15 consecutive year leading up to, and following, the enactment of caps on noneconomic damages. Attesting to this finding is that the coefficients of the before and after noneconomic damage cap trends are not statistically different (F-statistic =.52). That is, average trends in medical malpractice insurance losses incurred were no different after the enactment of the reform relative to before the reform. When we examine trends in Present Value of Losses surrounding caps on punitive damages, we find little evidence of any statistically significant trends in the marketplaces of states enacting the reform. The exception is that Present Value of Losses appear to have been declining at an average rate of 7.6 percent in each year leading up to the reform. This provides additional evidence that market conditions before reforms were not deteriorating but, instead, appear to have been improving. Further, F-tests of coefficients for before and after punitive damage cap trends suggest no discernable difference in pre and post reform trends (F-statistic = 2.17). As such, our results are inconsistent with the notion that caps on punitive damages reverse deteriorating market conditions. Our results also do not provide evidence that reforming collateral source rules has any influence on trends in medical malpractice insurance losses. Neither the before trend variable nor the after trend variable have coefficients that are statistically distinguishable from zero. Thus, while levels of Present Value of Losses do not appear to have been increasing prior to the reform, they don t appear to have been positively affected by the reform. In addition, the F-test of the before and after trend coefficients also do not indicate a statistically significant difference (F-statistic =.20). Of all four reforms we examine, joint and several liability reforms are the reform that provide the greatest net positive impact on loss levels. Although not statistically significant, the positive coefficient on the before trend variable does not indicate that Present Value of Losses was declining in the holdout states prior to reforming joint and several liability rules. The magnitude of the after trend coefficient variable, however, is statistically significant and indicates Present Value of Losses declined by approximately 6.2 percent per year following the reformation of joint and several liability rules. We note, though, that this evidence is slightly weakened by the fact that it is not robust to the exclusion of other types of reforms in the model (column 4, Table 4). 14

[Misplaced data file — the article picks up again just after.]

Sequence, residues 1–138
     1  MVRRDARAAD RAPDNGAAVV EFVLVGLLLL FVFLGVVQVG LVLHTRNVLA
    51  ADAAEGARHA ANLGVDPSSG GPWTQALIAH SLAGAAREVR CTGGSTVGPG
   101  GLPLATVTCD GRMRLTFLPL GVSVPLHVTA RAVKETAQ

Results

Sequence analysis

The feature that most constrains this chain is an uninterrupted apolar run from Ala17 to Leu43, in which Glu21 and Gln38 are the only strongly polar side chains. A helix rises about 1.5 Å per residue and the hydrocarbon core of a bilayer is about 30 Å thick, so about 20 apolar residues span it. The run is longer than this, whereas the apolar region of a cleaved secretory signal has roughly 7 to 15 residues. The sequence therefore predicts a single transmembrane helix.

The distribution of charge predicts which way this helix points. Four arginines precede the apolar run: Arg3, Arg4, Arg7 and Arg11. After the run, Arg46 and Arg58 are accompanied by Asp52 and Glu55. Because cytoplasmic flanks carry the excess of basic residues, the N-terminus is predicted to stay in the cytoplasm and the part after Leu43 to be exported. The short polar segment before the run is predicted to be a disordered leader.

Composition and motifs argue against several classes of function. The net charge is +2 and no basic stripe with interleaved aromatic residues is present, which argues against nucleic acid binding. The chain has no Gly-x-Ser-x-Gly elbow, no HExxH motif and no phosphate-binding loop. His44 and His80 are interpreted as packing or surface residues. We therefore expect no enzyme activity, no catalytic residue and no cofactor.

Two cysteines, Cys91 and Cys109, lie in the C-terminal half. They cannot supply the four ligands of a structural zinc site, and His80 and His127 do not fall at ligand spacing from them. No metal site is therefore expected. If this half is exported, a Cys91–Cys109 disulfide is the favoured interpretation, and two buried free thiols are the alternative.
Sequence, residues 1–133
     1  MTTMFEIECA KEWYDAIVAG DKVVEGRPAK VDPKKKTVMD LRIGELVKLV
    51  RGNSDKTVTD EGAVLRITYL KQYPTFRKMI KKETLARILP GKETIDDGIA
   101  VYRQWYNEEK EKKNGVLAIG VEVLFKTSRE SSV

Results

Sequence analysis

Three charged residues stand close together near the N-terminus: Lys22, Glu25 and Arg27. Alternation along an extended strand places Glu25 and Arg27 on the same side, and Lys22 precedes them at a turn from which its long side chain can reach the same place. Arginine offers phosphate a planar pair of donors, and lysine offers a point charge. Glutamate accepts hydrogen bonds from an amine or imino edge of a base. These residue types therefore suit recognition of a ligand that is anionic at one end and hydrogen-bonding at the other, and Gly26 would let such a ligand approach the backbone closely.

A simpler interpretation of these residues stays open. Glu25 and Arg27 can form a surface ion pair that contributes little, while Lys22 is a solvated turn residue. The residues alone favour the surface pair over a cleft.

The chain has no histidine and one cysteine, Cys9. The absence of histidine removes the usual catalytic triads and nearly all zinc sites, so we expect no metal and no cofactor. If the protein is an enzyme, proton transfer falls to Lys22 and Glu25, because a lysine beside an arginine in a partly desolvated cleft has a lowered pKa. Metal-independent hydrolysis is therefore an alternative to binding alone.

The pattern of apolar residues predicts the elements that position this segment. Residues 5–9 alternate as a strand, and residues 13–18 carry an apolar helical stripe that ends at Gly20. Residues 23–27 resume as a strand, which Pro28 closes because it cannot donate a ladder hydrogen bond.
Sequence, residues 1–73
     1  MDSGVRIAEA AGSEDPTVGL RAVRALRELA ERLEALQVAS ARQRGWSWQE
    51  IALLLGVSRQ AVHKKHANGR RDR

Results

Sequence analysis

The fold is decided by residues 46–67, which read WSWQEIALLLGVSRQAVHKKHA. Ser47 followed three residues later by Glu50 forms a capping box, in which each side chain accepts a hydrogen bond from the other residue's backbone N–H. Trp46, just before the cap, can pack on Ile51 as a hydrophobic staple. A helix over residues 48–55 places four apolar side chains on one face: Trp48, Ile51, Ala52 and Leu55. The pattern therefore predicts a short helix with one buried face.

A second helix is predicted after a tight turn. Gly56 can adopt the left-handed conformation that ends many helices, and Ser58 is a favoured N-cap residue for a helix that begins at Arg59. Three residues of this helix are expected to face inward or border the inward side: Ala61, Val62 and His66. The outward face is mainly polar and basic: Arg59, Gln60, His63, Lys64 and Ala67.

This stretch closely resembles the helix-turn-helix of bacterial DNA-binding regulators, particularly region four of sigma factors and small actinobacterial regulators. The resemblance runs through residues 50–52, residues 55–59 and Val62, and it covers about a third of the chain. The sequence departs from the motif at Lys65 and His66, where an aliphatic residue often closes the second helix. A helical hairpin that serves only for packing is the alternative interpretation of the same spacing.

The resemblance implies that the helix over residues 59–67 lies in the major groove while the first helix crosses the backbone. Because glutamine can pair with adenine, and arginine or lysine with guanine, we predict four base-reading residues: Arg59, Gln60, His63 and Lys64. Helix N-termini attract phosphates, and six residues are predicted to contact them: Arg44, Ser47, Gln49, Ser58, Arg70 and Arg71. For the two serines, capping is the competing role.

16 The results of the joint and several liability reform trend variables also suggest that the reform does, in fact, change a trend in the levels of losses incurred by medical malpractice insurers. An F-test of the coefficients rejects the null hypothesis that the before and after trends are equal at the five percent level. This indicates that joint and several liability reforms significantly altered the annual rate of change in the levels of Present Value of Losses. Thus, even though a reform may not have been justified (because loss levels were not trending upward) or averted a crisis, the reforms caused stagnating levels of Present Value of Losses to decline. Finally, in all of the models, we find that Physicians Per Capita is positive and significant, which is consistent with our expectation that the frequency of medical malpractice filings increases with the number of physicians. Educational Attainment is also significant in all of the models, suggesting that, as expected, the earnings potential of persons with an education is reflected in malpractice award levels. No other controls are significant, suggesting that the state and year effects capture much of the variation in demographic characteristics across states. 4.2 Premiums Table 5 displays the results of estimating equation 1 when the dependent variable is the natural logarithm of Premiums. For the same reasons described previously, we estimate multiple specifications but focus our discussion on the results presented in column 5 of the table. We find no evidence of statistically significant trends in Premiums before or after the enactment of caps on noneconomic damages, the enactment of caps on punitive damages, or reforms to the collateral source rule. This does not support the notion that pre reform markets were characterized by skyrocketing premiums that typically characterize a medical malpractice insurance crisis. The evidence also does not indicate that reforms to noneconomic damages, punitive damages, or collateral source rules had any measurable effect on the rate at which premiums changed after the reform. Interestingly, we do find evidence that, prior to joint and several liability reforms, Premiums were increasing in our sample of holdout states. The magnitude of the statistically significant coefficient on the 15